We all want to eat, so why not start when you’re eating for two? Let’s be clear, you should definitely not go on a restrictive diet while pregnant - both you and the baby need healthy foods to grow and stay energized. But pregnancy is also the time when a growing belly can cause some wicked heartburn, and eating smaller, healthier meals can help manage the acid your baby is trying to kick up your throat. Besides, having regular and smaller nutrient-packed meals is a good practice anytime in your life to keep your energy up and to prevent the overeating that happens when we wait too long to eat.
So practice now by having healthy snacks like yogurt or fruit and cheese on hand for snacking, as well as protein and fibre-rich meals for breakfast, lunch and dinner. Your body (and baby) will love the regular sustenance throughout the day, and by practicing keeping meals smaller and healthier will be super useful once baby is here and their unpredictable schedule tempts you into unhealthier options.
12 Drinking Less
There’s no arguing about it - you’re going to have to cut down on alcohol once that bun is in the oven. North American doctors say zero alcohol should pass your lips during your pregnancy, while some European cultures just ask you to keep it to less than one glass of wine per day. No matter your leanings, you definitely shouldn’t be going on any benders in order to keep you and the baby healthy. And while you’re at it, why not plan to keep that alcohol consumption at a minimum for the long haul? Yes, an occasional glass of wine after the baby is born can be a godsend at the end of a long day, and it can have some health benefits, but an overall reduction in drinking both during and after your pregnancy can help you in several ways.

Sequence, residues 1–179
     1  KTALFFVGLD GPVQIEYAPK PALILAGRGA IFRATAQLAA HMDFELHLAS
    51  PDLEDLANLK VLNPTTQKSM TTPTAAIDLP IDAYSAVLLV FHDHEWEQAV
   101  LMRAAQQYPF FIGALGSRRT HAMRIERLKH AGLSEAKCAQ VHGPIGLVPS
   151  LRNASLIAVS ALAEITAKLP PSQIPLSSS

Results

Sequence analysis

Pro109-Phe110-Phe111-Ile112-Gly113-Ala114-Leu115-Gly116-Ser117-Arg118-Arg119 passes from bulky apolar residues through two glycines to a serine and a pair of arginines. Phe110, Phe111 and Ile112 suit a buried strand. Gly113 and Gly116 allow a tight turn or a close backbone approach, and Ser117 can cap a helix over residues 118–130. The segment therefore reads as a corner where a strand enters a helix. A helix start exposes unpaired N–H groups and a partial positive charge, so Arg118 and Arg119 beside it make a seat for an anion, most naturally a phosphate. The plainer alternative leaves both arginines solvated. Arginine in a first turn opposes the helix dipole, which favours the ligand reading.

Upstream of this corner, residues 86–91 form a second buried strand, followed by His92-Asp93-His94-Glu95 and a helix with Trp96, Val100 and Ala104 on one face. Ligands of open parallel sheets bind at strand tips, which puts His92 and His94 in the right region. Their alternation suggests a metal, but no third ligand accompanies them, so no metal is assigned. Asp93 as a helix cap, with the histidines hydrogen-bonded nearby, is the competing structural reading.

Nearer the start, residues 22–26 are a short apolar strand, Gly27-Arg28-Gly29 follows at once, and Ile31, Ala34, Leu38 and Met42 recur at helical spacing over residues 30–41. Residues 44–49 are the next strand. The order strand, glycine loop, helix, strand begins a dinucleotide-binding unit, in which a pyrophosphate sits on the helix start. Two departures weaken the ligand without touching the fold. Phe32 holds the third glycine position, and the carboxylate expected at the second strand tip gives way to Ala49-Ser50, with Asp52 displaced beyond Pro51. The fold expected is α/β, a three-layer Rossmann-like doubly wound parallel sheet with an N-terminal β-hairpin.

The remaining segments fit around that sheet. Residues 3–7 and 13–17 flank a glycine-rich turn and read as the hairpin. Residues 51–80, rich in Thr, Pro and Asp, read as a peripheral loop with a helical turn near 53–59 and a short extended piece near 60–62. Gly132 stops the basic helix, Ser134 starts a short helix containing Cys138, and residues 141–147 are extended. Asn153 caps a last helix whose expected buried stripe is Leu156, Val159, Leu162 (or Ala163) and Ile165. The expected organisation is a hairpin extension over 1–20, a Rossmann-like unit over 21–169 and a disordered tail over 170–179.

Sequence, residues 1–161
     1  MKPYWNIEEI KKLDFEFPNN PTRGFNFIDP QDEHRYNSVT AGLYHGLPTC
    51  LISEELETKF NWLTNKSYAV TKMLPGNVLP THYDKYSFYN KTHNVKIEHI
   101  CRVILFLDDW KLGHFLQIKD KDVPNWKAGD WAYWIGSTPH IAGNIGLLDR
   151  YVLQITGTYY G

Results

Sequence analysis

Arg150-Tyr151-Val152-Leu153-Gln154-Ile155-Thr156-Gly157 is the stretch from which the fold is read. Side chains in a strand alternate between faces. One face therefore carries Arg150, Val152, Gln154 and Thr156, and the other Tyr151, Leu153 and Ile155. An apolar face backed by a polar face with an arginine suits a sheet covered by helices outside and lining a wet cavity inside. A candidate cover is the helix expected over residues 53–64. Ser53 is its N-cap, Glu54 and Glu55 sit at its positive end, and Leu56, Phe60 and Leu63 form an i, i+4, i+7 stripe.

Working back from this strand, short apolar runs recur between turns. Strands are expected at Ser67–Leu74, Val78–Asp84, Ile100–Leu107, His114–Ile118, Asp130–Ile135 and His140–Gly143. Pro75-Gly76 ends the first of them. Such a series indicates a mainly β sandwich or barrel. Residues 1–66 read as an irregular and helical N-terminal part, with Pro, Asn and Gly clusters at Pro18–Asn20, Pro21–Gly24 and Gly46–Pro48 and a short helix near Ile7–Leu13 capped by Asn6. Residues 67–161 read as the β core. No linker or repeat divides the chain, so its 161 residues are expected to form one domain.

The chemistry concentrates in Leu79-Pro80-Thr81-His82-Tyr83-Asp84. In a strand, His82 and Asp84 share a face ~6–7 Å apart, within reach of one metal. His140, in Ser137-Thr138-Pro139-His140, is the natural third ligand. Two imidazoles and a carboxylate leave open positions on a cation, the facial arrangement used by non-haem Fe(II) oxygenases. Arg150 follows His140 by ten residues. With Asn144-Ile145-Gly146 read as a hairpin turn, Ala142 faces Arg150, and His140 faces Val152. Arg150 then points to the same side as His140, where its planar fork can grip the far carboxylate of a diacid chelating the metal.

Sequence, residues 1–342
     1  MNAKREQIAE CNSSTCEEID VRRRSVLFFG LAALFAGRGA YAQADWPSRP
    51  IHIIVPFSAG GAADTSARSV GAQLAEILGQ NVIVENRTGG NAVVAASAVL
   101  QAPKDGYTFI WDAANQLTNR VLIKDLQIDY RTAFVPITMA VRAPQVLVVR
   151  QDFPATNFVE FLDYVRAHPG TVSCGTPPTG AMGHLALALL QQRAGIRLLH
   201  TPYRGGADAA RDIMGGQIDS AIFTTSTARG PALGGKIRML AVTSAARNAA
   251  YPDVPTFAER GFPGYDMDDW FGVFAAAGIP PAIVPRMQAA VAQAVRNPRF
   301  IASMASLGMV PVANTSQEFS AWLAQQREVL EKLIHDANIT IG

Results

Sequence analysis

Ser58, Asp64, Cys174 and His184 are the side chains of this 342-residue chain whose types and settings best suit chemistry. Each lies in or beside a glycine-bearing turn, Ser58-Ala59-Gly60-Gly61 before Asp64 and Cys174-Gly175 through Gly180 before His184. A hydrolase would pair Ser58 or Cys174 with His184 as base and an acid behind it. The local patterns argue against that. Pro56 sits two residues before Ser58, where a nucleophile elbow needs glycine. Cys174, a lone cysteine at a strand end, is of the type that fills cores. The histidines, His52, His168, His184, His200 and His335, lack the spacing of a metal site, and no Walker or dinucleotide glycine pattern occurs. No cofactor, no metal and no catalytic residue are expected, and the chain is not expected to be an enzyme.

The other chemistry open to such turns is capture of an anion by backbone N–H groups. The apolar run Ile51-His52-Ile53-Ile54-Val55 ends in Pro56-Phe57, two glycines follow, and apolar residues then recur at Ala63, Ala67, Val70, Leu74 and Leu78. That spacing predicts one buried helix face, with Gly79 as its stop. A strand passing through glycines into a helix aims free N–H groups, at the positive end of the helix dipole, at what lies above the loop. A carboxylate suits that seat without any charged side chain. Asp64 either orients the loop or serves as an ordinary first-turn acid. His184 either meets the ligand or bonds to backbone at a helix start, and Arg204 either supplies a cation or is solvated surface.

Drinking is expensive, so you’ll help your wallet out by cutting it out, and you’ll save the empty calories from a beverage that will really just give you headache in the long run. Also, looking after a toddler when you have a hangover is one of the hardest life lessons you will ever learn. Having a couple of drinks with friends can be great at social gatherings, but look into other ways of relaxing at the end of day, like meditation or yoga.